Home design made easy on the Web

Floorplanner.com combines simple drag-and-drop tools with an online community for swapping ideas.

By Erick Schonfeld, Business 2.0 Magazine editor-at-large

(Business 2.0 Magazine) -- When Jeroen Bekkers's parents wanted to move into a new home in the Netherlands eight years ago, they enlarged their blueprints and made paper cutouts to help visualize how all their tables and chairs would fit. But that ended up being too complicated. If only they could have waited for their son's site, Floorplanner.com, to launch.

Bekkers, a trained architect, heads up a small interactive design shop in Rotterdam called Suite 75. He created Floorplanner to get, much more simply, the same results that professionals gin up with sophisticated computer-aided design software.

Floorplanner's intuitive interface allows for drag-and-drop interior design.
85,000 registered members have already flocked to Floorplanner.

On the site you can draw attractive two-dimensional (and, soon, three-dimensional) rooms right in your browser. After dragging walls into place and dropping in doors, windows, fireplaces, electrical outlets, and the like, you can choose from a menu of 400 sofas, tables, beds, and lamps. You can even add a piano or a child's train set. Everything can be changed with a sweep of the mouse.

Floorplanner has some competition - Boston-based MyDesignIn and Tucson-based Plan3D also target do-it-yourself interior designers - but the Dutch-made site is easiest to use. It also has more Web 2.0 features, like a Flash interface and public floor plans that its community can tag, rate, share, and embed. (Members can elect to keep designs private.)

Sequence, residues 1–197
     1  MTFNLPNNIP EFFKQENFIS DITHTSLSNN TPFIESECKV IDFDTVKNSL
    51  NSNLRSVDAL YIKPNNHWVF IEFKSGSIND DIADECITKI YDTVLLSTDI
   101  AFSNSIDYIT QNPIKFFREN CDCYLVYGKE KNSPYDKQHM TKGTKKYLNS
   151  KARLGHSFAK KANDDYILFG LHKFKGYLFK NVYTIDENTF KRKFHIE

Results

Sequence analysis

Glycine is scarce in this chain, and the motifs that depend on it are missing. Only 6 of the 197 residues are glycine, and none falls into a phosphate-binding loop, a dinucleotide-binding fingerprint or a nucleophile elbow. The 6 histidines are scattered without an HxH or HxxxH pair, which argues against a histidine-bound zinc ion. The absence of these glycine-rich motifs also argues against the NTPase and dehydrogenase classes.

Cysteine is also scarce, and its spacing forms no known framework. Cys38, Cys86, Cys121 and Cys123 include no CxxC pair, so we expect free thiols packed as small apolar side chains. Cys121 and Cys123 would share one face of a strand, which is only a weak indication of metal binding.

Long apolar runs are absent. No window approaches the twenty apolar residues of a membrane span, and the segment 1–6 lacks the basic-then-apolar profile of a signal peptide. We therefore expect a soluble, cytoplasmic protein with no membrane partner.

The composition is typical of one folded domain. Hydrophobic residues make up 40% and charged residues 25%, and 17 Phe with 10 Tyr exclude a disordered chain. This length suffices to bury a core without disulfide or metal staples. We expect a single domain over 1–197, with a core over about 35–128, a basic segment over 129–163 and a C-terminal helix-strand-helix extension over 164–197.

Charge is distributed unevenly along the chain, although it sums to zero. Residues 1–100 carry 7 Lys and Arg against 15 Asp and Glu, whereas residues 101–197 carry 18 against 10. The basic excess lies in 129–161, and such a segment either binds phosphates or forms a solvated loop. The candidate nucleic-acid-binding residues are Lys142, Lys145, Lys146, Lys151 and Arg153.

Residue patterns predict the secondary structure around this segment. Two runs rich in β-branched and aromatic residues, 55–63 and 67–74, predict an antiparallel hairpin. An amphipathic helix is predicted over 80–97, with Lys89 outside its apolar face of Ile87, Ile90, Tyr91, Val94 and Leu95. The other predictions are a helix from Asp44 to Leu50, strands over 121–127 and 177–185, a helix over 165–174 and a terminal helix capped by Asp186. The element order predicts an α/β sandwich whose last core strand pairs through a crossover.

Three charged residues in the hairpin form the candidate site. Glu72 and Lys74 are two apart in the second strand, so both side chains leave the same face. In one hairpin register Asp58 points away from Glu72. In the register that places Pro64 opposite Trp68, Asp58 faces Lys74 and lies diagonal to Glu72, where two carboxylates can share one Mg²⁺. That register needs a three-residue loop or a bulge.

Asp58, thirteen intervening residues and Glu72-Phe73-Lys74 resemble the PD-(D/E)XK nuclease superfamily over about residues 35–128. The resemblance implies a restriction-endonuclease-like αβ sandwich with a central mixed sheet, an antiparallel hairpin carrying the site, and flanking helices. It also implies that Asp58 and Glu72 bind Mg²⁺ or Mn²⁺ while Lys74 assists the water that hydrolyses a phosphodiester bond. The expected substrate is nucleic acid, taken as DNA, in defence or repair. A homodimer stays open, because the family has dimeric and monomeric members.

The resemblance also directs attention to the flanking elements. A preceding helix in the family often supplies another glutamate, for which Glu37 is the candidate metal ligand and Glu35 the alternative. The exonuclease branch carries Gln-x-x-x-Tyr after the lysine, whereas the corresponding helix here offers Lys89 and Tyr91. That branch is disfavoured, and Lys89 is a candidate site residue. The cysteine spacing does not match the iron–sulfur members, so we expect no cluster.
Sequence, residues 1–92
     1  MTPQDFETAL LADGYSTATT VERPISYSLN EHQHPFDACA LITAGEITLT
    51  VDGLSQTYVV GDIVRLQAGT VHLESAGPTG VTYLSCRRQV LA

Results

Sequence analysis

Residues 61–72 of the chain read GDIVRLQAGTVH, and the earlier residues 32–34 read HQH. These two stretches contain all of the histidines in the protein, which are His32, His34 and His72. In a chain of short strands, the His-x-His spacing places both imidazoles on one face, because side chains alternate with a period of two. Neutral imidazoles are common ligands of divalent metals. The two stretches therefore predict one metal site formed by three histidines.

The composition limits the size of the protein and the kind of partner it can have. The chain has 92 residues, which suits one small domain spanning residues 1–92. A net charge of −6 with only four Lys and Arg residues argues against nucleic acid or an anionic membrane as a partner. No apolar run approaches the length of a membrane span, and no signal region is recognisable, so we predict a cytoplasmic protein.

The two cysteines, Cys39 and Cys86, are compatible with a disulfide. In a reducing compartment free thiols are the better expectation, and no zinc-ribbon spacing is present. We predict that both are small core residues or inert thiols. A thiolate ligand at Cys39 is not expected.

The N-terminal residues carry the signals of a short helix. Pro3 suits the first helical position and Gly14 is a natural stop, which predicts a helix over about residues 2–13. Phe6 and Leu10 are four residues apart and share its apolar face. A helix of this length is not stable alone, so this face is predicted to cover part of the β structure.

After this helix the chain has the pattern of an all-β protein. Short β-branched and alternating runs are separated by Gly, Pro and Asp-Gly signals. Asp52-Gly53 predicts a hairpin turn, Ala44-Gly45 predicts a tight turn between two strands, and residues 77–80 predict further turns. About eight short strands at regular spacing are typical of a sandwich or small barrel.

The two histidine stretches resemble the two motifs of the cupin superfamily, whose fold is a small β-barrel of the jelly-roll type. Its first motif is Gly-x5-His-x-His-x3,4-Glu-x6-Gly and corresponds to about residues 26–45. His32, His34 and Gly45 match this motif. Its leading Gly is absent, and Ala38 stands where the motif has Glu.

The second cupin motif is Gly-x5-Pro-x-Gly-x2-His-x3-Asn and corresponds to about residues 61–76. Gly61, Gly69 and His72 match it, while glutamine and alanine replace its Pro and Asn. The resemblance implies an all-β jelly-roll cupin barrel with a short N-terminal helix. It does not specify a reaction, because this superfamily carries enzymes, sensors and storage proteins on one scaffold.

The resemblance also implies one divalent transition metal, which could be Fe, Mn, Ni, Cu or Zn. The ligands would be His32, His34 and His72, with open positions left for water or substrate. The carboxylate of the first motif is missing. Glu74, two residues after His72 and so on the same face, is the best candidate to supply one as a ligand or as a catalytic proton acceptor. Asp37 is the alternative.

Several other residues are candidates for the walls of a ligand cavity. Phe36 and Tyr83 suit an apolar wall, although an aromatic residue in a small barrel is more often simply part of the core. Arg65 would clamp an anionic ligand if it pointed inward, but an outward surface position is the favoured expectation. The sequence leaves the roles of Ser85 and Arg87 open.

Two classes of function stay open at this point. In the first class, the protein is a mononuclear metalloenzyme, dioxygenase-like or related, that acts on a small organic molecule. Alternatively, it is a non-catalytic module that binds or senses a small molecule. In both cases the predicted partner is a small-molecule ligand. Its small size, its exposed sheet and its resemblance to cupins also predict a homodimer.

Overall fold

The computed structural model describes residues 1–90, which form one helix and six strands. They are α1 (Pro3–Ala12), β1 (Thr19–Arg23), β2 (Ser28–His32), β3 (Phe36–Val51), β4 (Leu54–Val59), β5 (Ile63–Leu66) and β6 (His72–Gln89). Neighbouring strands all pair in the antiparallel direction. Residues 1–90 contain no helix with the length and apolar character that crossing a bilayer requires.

Kai Yeung, a government manager in Australia, discovered Floorplanner online and is now an avid user. "Your perceptions of the space and things around you really change when you see a bird's-eye plan that is to scale," she says. It also helps her win arguments with her husband. "Every time he has another bright idea about moving furniture or buying new things, I can readily show how it won't fit in the space we've got."

That ease of use is making Floorplanner popular. Bekkers launched the Dutch version a year ago and the English version in April, and already he has more than 85,000 registered members. It's free to create up to five designs on the site; for more, subscriptions start at $29 per year.

Besides subscriptions, Bekkers also hopes to make money from advertising - the digital furnishings themselves could become a form of product placement. He's already in negotiations to include specific furniture lines in his library of couches and side tables. Once members choose a particular piece for a room, they will be able to click on it to buy it, and Floorplanner will collect an affiliate fee. Top of page

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